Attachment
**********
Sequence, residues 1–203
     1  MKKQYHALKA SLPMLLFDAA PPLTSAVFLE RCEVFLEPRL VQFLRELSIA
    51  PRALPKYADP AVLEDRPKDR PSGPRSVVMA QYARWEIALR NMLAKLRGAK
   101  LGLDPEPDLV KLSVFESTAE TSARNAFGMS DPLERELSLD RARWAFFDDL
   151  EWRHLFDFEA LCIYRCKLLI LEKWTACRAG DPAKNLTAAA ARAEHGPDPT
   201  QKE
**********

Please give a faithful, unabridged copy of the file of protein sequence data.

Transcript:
Sequence, residues 1–203
     1  MKKQYHALKA SLPMLLFDAA PPLTSAVFLE RCEVFLEPRL VQFLRELSIA
    51  PRALPKYADP AVLEDRPKDR PSGPRSVVMA QYARWEIALR NMLAKLRGAK
   101  LGLDPEPDLV KLSVFESTAE TSARNAFGMS DPLERELSLD RARWAFFDDL
   151  EWRHLFDFEA LCIYRCKLLI LEKWTACRAG DPAKNLTAAA ARAEHGPDPT
   201  QKE